And this too, like the fracturing that haunts the world, is a temptation that runs deep. The two are connected. If we are beleaguered and threatened, if our churches are bleeding people, let us turn, we say, to the nation around us. Let us seek our strength in its wisdom; let us follow the mind of a majority that does not know God, and find in their ways our salvation.

Woe to the shepherds, Jeremiah says, who destroy and scatter the sheep of my pasture.

This way lies only disintegration. It is not here that we will find our help.

Our help, as the psalmist knows, is in God, the Lord of heaven and earth. It is not in the world that does not know God. We are here in the midst of the world for the sake of the world, to stand in its midst as a beacon, a people lit and shining and healed by prayer.

We are the people who proclaim Christ’s reign. Yet we act as if Christ’s reign is not true, as if it were not the culmination of everything we do in the worship of the church, the end toward which all our worship leads.

When we ask, “Where is God in this,” in this fracturing that haunts our world and our church, it is a good idea to remember that we choose often to act as if there were no God.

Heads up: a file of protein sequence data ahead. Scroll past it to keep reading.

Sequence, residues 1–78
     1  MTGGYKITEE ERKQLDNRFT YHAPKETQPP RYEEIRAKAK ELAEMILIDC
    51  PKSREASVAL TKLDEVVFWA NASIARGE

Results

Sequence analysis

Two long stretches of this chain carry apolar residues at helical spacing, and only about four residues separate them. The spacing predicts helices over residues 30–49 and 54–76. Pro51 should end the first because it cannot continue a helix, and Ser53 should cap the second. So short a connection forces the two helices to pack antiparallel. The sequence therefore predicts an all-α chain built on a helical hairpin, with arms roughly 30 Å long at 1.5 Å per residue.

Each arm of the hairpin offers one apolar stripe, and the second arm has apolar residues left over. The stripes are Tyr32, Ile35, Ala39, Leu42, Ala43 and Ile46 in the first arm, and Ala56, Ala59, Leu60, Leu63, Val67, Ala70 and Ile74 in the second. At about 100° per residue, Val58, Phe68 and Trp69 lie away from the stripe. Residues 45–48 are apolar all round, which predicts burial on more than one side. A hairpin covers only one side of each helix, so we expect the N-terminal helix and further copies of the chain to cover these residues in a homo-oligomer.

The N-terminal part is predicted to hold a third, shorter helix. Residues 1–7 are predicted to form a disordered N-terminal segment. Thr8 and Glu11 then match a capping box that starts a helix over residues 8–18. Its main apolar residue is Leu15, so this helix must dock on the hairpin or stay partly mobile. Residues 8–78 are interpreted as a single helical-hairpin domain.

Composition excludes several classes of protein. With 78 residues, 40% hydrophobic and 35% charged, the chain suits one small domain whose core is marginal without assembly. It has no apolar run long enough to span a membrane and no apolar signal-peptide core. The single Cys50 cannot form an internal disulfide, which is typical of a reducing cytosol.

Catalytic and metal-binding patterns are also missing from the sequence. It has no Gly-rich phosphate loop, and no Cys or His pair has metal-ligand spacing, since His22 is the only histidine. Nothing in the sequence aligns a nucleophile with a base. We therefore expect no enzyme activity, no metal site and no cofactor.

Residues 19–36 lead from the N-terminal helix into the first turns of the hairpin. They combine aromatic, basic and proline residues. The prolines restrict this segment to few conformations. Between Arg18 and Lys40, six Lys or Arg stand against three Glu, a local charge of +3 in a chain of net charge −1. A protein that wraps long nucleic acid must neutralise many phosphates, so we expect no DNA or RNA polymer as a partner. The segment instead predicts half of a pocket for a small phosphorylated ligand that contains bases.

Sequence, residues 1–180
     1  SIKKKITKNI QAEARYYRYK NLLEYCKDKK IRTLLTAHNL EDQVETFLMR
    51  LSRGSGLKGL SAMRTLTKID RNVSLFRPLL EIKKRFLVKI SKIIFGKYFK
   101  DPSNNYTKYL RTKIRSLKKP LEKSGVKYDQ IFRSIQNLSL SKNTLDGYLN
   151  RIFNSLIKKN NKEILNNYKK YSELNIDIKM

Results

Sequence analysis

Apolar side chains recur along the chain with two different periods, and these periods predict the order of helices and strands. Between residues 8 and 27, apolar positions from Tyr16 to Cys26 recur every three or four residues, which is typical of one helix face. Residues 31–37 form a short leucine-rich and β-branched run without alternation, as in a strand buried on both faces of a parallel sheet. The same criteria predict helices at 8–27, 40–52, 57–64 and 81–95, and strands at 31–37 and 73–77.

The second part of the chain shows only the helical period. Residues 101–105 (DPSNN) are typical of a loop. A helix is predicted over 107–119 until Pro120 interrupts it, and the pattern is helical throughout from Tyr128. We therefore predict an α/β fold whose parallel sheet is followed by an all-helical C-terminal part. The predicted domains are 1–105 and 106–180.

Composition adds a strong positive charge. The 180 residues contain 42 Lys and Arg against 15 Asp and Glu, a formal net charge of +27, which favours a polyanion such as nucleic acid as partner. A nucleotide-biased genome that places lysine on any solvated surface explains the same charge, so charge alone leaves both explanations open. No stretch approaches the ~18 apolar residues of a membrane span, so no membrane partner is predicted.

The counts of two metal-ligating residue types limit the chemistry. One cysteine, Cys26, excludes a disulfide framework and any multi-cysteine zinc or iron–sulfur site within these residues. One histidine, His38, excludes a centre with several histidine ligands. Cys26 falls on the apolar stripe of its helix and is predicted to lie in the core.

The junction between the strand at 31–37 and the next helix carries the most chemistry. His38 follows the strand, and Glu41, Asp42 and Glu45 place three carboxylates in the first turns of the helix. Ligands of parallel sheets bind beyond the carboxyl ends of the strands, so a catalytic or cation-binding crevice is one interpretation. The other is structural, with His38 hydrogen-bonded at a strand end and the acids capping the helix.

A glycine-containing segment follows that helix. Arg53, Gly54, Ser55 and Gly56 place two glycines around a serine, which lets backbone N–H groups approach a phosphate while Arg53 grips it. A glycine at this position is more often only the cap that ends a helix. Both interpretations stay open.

This day, this Feast of Christ the King, stands here at the culmination of the Christian year to call us back. Remember that it is God who is our shepherd. Remember that we are first of all people of prayer. We are the people who turn to God first of all, and last.

Christ the King is our wake-up call, and it is one we badly need.

But it is also—because after all this is God we are talking about, God who is not only judge but also always shepherd—this day is also our sign of hope.

For Christ rises over the world as King on this day, and his throne has the shape of the cross. Luke sees the hope this day offers, and he offers it to us with characteristic grace.

And when they came to the place called the Skull they crucified him there with two criminals—two wrongdoers, the Greek says—one on his right hand and one on his left (Luke 23:33).

This, the inscription read over his head, This is the King of the Jews.

To the bystanders, to the leaders of the people and the Roman soldiers, it is a joke. Here is the King of the Jews, dying between two criminals on a cross. Some king.

But for Jesus, this is the whole point.

It is on the cross that he is with us. It is the criminals, the wrong-doers, those who have wandered far from God; it is the wrongdoers he cares about. It is precisely when we are at the place of the skull that God is with us.